The additions of time, place, and/or form utility to a commodity in order to meet the preferences or tastes of the consumer. The true test of value added is achieved when the after tax return on invested capital used to generate time, place, and/or form utility exceeds the overall cost of capital.
Value-added food products are raw or pre-processed commodities whose value has been increased through the addition of ingredients or processes that make them more attractive to the buyer and/or more readily usable by the consumer. It is a production/marketing strategy driven by customer needs and perceptions.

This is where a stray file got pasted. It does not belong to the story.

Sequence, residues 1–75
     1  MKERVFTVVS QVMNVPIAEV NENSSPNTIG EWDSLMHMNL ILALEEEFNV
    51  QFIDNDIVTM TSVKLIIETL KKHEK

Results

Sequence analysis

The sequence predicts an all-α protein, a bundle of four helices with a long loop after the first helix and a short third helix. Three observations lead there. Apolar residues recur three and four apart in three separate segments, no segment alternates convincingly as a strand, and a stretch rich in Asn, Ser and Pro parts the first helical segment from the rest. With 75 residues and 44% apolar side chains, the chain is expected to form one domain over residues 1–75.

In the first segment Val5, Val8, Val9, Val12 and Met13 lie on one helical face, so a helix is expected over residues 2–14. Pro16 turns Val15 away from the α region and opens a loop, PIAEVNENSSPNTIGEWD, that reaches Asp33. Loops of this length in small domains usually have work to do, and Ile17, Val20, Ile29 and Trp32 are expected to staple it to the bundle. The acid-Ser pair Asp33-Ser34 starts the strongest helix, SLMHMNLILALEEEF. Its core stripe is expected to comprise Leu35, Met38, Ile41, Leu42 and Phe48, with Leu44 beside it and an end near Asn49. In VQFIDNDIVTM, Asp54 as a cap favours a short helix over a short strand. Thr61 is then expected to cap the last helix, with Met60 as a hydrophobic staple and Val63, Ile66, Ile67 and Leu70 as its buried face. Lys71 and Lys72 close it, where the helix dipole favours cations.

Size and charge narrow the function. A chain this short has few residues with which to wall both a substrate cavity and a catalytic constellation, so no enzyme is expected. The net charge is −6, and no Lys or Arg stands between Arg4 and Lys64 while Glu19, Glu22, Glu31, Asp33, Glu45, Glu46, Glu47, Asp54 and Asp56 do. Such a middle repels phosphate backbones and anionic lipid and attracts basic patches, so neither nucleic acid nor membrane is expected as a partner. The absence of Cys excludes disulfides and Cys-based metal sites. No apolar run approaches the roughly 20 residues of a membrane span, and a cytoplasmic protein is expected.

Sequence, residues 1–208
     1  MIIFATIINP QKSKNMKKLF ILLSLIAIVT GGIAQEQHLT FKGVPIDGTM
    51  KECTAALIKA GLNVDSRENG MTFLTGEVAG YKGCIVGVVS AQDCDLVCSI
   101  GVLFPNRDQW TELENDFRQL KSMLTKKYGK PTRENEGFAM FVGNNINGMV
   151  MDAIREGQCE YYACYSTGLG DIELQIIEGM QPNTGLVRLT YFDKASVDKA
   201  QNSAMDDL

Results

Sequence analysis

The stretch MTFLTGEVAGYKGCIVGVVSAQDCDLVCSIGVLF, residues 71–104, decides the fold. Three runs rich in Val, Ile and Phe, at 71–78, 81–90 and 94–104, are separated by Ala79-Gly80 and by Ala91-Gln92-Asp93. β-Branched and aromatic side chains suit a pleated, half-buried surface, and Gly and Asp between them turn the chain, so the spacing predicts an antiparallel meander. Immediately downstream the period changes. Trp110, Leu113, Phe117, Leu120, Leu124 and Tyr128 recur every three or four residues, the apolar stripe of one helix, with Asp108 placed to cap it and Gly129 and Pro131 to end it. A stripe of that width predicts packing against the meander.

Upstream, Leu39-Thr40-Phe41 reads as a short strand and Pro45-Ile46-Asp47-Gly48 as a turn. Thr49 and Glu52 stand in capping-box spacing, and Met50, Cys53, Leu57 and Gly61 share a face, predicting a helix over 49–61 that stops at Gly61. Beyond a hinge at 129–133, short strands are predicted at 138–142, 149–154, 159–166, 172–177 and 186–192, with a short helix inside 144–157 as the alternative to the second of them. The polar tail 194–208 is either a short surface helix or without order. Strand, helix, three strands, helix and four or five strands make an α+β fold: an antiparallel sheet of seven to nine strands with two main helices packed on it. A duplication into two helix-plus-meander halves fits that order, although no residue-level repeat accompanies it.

About 15,000 new value-added products are introduced each year. However, getting a new product into the highly competitive retail market is very difficult. USDA estimates that at least two out of every three new food products introduced into the market fail due to lack of customer appeal. Only one in five new businesses succeeds for more than five years. The average time spent on developing new food products is about two years. Product development is not limited to creating new and unique food items. It also includes product repositioning, line extension, and reformulating existing products. Every type of product development consists of five stages: screening, feasibility, costing, prototyping/test marketing, and commercialization.